Grandparent Rights for child custody and grandparent vistiation
Dallas-Fort Worth Grandparents' Rights Attorneys
Are you raising your grandchildren due to current circumstances facing your adult child? Do you require legal action to solidify your rights to the child and prevent them from being taken from you by an unfit parent? Have you lost contact with your grandchild after a divorce or death of the child's parent? Our Fort Worth child custody lawyers help grandparents and other extended family members to step in and obtain conservatorship for the protection of the child.
At the law firm of Schreier & Housewirth, we have represented grandparents and other family members for over 20 years, and our family lawyers can answer your questions about grandparents' rights. We evaluate your case, analyze how the laws apply to your particular situation and educate you about your options.
Grandparent Custody Cases
In most cases, it is in a child's best interest to be raised by the mother and father. However, when a child's physical health or emotional development is significantly impaired, it may be in the child's best interest to be raised by another family member. Particularly, if the child is removed from the home by Child Protective Services (CPS), the grandparent or other extended family member may have a right to seek conservatorship (custody) in order to prevent the child from being sent to a foster home. For example, if the child has resided in your home and care for more than a year, you may have a say in the CPS case.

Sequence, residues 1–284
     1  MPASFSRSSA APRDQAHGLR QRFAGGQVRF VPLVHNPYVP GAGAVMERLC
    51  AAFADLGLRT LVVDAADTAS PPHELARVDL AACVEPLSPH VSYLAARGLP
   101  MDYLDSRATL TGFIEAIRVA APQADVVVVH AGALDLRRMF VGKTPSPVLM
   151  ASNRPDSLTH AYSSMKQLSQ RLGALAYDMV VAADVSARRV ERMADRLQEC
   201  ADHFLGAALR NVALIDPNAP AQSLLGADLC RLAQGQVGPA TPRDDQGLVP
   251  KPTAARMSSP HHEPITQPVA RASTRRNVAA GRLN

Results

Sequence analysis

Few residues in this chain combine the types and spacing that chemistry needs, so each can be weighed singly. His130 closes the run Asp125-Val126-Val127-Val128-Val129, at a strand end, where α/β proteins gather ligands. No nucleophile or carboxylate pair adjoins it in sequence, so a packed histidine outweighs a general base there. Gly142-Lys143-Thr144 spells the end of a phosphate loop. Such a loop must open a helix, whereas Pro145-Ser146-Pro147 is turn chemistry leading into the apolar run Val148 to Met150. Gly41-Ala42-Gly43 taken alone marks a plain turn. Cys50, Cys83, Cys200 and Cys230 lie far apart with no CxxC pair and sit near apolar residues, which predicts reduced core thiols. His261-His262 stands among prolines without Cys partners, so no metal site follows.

Grandparent Access/Visitation Rights
In advising grandparents who wish to seek custody, we are guided by the legal standard established by Texas Family Code 102.004 "Standing for Grandparent" which states:
A grandparent may file an original suit requesting managing conservatorship if there is satisfactory proof to the court that:
- the order is necessary because the child's present environment would significantly impair the child’s physical health or emotional development; or
- both parents, the surviving parent, or the managing conservator or custodian either filed the petition or consented to the suit.
We listen to grandparents to obtain a detailed factual history of the child's life and the circumstances that raise a "serious question" concerning the child. Our Fort Worth grandparent’s rights attorneys require our grandparent clients to provide us a list of witnesses who have independent knowledge regarding the child and his or her care. Neighbors, friends, teachers and coaches, just to name a few, are valuable sources of information. We then give grandparents our candid assessment of their chances of prevailing in Tarrant County family law court or other family courts throughout North Texas.
Examples of situations that can lead a grandparent to seek managing conservatorship of a grandchild are those involving issues of a parent's chronic drug usage, mental illness, unstable living situation, chronic neglect, physical abuse or exposure of the child to others who have physically abused the child.